A student and a senior moved in together. Here’s what happened
Who: Megan Parker, 19, an animation student at OCAD University; Ann Langer, 77, a retired interior designer, with her nine-year-old Scottish terrier, Hazel.
The story: In 2019, Ann moved from a two-bedroom apartment in Rosedale to a three-bedroom townhouse near York Mills, wanting a bit more square footage and knowing it would be easier to walk her dog, Hazel, without going down an elevator and through a lobby.
At the new place, the rent was $3,200 a month, much too high for Ann, so she decided to find a tenant to help offset the cost. Shortly after moving in, Ann heard about Canada Home Share, a non-profit that matches students looking for affordable housing with seniors in need of assistance.
As part of the arrangement, students provide up to seven hours a week of help, with everything from grocery shopping to lawn removal, in exchange for a rent reduction.
Ann thought it would be nice to have help walking Hazel, especially during the winter months when the sidewalks were icy. Another bonus: Ann could have someone around the house as she got older, in case of a medical emergency.
In the spring of 2021, Ann connected with Megan, an OCAD University student entering her second year studying animation. (Megan studied from home during her first year because of the pandemic.) The two got along immediately.
Ann, who has a background in design and is still connected to the art community in Toronto, loved that Megan was studying at OCAD University. And Megan loved dogs, so Ann felt comfortable letting her take care of Hazel. In the summer of 2021, Megan officially moved in.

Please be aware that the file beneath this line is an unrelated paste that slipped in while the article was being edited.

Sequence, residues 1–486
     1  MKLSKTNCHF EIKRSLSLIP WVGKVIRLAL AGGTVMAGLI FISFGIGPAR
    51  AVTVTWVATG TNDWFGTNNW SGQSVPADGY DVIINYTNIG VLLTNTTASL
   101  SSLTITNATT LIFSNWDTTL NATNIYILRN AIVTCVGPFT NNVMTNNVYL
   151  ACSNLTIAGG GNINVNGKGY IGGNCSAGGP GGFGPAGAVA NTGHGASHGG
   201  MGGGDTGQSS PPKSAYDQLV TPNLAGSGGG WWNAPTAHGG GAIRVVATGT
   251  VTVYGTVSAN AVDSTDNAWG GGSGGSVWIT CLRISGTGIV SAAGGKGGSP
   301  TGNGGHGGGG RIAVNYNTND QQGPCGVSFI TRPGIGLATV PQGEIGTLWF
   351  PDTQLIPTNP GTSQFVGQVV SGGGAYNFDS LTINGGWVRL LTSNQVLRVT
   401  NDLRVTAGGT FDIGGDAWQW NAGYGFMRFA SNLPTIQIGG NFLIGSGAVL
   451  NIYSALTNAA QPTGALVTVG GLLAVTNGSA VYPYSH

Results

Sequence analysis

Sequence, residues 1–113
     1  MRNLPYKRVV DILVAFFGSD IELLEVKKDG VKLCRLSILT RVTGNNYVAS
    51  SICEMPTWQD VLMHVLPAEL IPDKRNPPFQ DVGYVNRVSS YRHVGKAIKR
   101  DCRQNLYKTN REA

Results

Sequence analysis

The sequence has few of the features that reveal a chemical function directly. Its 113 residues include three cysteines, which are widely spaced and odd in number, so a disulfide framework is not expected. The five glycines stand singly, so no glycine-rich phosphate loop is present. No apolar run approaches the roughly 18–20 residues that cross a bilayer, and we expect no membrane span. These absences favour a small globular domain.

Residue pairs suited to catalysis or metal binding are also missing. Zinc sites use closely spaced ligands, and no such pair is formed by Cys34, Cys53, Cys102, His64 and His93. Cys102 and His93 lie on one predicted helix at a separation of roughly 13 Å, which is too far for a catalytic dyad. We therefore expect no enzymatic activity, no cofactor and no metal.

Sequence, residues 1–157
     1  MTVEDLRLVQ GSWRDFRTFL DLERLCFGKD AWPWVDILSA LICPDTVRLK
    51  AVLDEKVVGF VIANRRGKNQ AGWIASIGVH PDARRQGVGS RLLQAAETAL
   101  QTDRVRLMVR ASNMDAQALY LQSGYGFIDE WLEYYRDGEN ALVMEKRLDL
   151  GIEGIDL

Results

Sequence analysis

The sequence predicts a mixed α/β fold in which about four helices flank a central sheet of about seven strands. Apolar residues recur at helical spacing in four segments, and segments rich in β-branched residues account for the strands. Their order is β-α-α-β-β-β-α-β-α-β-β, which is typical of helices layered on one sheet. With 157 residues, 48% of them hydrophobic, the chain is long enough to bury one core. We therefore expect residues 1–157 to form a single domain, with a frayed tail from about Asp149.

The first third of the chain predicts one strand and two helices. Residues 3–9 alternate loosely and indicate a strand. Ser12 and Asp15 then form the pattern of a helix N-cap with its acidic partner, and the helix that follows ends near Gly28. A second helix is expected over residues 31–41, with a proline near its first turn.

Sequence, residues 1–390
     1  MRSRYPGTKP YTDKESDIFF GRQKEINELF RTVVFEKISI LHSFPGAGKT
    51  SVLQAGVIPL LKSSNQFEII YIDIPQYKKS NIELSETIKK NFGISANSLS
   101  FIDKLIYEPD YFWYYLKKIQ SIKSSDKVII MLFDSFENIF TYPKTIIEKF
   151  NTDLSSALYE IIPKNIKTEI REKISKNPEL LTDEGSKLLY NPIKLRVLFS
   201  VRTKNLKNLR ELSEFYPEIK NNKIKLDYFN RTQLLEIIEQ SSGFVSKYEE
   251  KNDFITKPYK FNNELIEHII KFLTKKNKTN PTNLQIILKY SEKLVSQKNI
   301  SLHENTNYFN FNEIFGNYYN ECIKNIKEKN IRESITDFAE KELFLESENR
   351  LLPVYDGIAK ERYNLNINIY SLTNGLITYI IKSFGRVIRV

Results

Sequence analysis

Megan has a furnished bedroom on the top floor, plus a bathroom and living room in the basement, where she can do her schoolwork. It takes her about 30 minutes to commute downtown to OCAD University—taking a bus to York Mills station, then riding the subway downtown.
Ann and Megan have enjoyed living together so far. The two maintain their own separate routines. Ann usually gets up at 7 a.m. to take Hazel out for a walk. After that, she plays in an online bridge club, meets up with friends in the city, or watches TV in the living room, before going to bed around 10 p.m.
Megan, on the other hand, is a night owl. She might stay up until 6 a.m. finishing a school project, but she’s able to do it without bothering Ann, who is usually upstairs sleeping. And Megan is a heavy sleeper, so she doesn’t get woken up by Ann in the morning.
Here’s the deal: Megan pays Ann $600 a month in rent, and she takes Hazel out for 10 minutes a day in the evenings. About once a month, when Ann hosts a friend or two for dinner, Megan helps with preparing food and cleaning up after the meal.
Megan thinks it’s a great arrangement, especially since she was seeing comparable rooms in shared homes with eight roommates being rented for roughly $800 a month, and a private one-bedroom would cost nearly $2,000.
There are other benefits beyond the rent-companionship arrangement. Megan has been able to help Ann with her technology, like figuring out how to join a Zoom meeting and saving her Covid vaccine certificate on her phone.
Meanwhile, Ann has taken Megan to a friend’s art show in Yorkville. And when Megan told Ann she was looking for a part-time job in the neighbourhood, Ann connected her with her nephew, who is a manager at a pub nearby. He hired her as a hostess.
Even though Ann could charge a higher rent if she were to find a tenant on her own, she feels reassured that Canada Home Share vets its students. Their current lease agreement ends in May 2022, at which point they plan to extend it by a few months while Megan takes summer school courses.